…bloody hell, it’s hard to be around them and only them all the bloody time!
You’ll have to excuse the language but stressful situations make me swear like a sailor and I think a global pandemic that had turned our entire social order head-over-heels definitely counts as a stressful situation, not to mention the whole hundreds off thousands of people dying aspect.
The Beard and I often joke (joking/not joking) that we must start at least one statement every day with the disclaimer ‘I love my children, but…’.
Generally anyone who starts a sentence with an explanation that what they are about to say isn’t really how it sounds is not to be trusted. I mean, can you think of a single example of anyone who has ever said, ‘I’m not a racist, but…’ or ‘I don’t hate gingers, but…’ and then hasn’t followed that up with something that proves beyond a shadow of a doubt that they are in fact the very ginger-hating racists they deny they are?
You’d like to think that whatever we say it would be fairly obvious we love our children, but I think we mostly just put in that little pre-negative statement caveat in case neighbours or the Chinese government overhear us. We wouldn’t want these people who don’t really know us to think we are truly the terrible parents we are about to sound like once the thought we’ve been wanting to share about why kids aren’t always the best has finally been vented.
Exactly how bad we sound varies on levels of frustration experienced during the day, but if you are wondering I’ll give you some real life (or real life as it was pre Armageddon societal lockdown hells we are all currently stuck in).
So it can range from the lesser ‘I love my children, but I’d quite like to be able to pee with the door closed’ to the more extreme ‘I love the girls, but the thought occurred to me today it would be nice to be divorced so that I didn’t have to deal with them everyday.’ A more recent example would be ‘I love the children, but I think I would actually enjoy this pandemic a whole lot more if I didn’t have kids.’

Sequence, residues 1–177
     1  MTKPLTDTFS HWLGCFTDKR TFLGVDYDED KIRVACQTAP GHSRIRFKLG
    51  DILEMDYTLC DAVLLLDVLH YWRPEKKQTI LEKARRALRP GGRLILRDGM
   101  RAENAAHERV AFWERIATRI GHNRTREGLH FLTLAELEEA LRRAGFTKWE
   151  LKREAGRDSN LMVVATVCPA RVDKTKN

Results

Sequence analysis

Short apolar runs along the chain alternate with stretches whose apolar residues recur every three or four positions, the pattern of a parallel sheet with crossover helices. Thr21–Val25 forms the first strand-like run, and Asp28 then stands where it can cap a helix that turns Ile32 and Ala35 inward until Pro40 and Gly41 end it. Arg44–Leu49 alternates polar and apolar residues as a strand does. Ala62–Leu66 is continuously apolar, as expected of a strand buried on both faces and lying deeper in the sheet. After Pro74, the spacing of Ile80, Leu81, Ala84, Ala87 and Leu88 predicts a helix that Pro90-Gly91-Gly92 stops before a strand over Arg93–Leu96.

I know the global nature of this whole shebang is that it is affecting everyone and although the impacts will be much more severe for some people than others, that doesn’t mean we can’t all grieve for or vent about our own individual losses and issues.
In many ways I feel how lucky I am. Our flat, although not ginormous, is also not microscopic and we do have garden space. We both currently have work so no immediate financial concerns. Our friends and family, though distant, are all safe and well. We have the essential items we need to get through this, including toilet roll, pasta, a Netflix subscription and gin. And I am self-isolating with people I love to the moon and back. But… it’s still blooming tough (ah the therapeutic effect of blogging has my ‘bloodies’ tempering down to ‘blooming’ and I’ll be back to ‘whoops-a-daisying’ before we know it).
Like many others we find ourselves now single-handedly trying to manage all the childcare and work without the support services and networks we could rely on. I’m only working part time so trying to shoehorn work around full-time childcare (the Beard has just started a new job so needs to be doing the 9-5) is manageable but it’s exhausting and I don’t know how sustainable it is if this situation continues for a prolonged period.
Everything non-essential has slipped by the wayside. So priorities are all the child maintenance aspects, meeting work expectations and trying to ensure grown-ups are fed and washed on at least a semi-regular basis. Cleaning has slipped below the bare minimum. I know this because yesterday evening when I was clearing the dining table to do some work I had to deal with a whole expedition of ants who had clearly been feasting on all the food junk that is naturally occuring when a toddler, a baby, and two not super-coordinated adults are eating. Especially when you haven’t been thoroughly mopping and sweeping on a daily basis. Which we are now, because I got cleaning shamed by insects! But everything else is just a permanent mess, because one, we don’t have time, and, two, no-one’s going to come over any time soon and see so what’s the point?